Review: Opera North

POLISH SETTING: A scene from Opera North's Cavalleria Rusticana.
POLISH SETTING: A scene from Opera North's Cavalleria Rusticana.
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Leeds Grand Theatre

A drab, late-communist queue of shabbily dressed Poles winds its way towards an intermittently-stocked grocer’s and they all burst into a cheerful chorus about oranges blossoming

Opera North’s Cavalleria Rusticana stretches the concept of verismo to its limit, mostly entertainingly – such as when the cuckolded carter, Alfio, pushes a Polski Fiat rather than a Sicilian horse-cart onstage. Somehow the Polish setting works, but the psychological drama of love and betrayal becomes surreal when the chief-betrayer, Turiddu is raised up onto the cross which dominates the stage. It may be a representation of the betrayed Santuzza’s inner struggle with her faith, but it is a distraction.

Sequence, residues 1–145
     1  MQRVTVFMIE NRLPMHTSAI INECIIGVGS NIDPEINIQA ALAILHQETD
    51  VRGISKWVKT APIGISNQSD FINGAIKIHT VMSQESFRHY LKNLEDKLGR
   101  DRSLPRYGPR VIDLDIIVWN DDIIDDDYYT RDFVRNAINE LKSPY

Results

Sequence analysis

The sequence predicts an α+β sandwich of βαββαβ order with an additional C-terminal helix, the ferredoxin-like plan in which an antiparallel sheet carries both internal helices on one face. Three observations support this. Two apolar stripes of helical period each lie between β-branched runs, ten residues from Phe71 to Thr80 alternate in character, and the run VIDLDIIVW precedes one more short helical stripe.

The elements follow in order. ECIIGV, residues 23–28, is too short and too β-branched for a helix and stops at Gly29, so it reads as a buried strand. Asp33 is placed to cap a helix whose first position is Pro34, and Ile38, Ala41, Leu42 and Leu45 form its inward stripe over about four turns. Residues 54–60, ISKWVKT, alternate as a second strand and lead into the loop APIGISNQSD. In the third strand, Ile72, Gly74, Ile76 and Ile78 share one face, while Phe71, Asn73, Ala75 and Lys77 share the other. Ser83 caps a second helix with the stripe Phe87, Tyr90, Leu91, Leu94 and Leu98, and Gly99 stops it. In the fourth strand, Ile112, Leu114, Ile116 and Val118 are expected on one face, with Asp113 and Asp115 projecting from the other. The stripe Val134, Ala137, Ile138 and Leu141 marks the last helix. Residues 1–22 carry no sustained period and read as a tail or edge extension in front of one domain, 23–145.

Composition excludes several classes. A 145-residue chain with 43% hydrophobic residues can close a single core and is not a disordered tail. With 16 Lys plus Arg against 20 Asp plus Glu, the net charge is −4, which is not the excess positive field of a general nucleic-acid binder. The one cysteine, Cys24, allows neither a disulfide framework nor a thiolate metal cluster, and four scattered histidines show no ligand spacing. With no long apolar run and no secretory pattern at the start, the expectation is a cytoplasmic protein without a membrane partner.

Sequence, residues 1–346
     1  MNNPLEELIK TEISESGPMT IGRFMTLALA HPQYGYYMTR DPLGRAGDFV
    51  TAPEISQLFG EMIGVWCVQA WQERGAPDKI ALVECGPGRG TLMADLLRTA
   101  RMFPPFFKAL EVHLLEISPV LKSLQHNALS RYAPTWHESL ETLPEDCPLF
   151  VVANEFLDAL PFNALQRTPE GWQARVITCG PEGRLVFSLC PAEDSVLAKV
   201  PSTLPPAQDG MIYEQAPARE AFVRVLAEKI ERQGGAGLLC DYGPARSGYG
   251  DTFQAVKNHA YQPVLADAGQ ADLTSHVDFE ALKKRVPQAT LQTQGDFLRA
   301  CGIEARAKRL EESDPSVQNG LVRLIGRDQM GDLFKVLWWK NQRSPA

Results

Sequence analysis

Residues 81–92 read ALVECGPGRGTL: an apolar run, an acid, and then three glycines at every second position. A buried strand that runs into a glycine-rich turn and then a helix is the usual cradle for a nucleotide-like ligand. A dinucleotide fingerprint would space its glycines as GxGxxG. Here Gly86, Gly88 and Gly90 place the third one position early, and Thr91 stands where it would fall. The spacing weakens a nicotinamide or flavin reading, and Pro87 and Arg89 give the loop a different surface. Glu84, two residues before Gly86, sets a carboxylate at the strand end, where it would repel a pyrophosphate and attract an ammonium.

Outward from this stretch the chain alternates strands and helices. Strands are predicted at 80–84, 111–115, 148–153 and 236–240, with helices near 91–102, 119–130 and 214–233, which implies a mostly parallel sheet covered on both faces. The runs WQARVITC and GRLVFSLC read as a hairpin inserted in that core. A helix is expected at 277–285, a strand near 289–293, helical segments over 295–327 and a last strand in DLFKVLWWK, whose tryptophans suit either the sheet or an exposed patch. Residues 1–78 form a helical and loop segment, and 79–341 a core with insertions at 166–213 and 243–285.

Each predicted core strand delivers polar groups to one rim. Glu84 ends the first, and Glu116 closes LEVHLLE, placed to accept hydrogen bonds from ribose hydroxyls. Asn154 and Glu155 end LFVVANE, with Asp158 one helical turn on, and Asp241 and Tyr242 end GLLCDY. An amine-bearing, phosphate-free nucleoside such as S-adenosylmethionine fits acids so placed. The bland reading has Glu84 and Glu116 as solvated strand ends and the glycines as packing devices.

The main protagonists all shine individually – the anti-hero, Turiddu (Jonathan Stoughton), shows a superb range of tone while Santuzza (Giselle Allen) occupies centre-stage grippingly at all times. Trial by Jury comes almost as a relief, but the spoken setting of the scene, in America, at the start is overlong. When the operetta proper begins though, it’s so polished that it sparkles.

The movement of scenery, the Mack Sennett dancing bridesmaids, and the slapstick choreography of the soloists holds the audience entranced, while the Judge (Jeremy Peaker) and the Defendant (Nicholas Watts) lead the line of D’Oyly Carte-style deftly sung individual performances.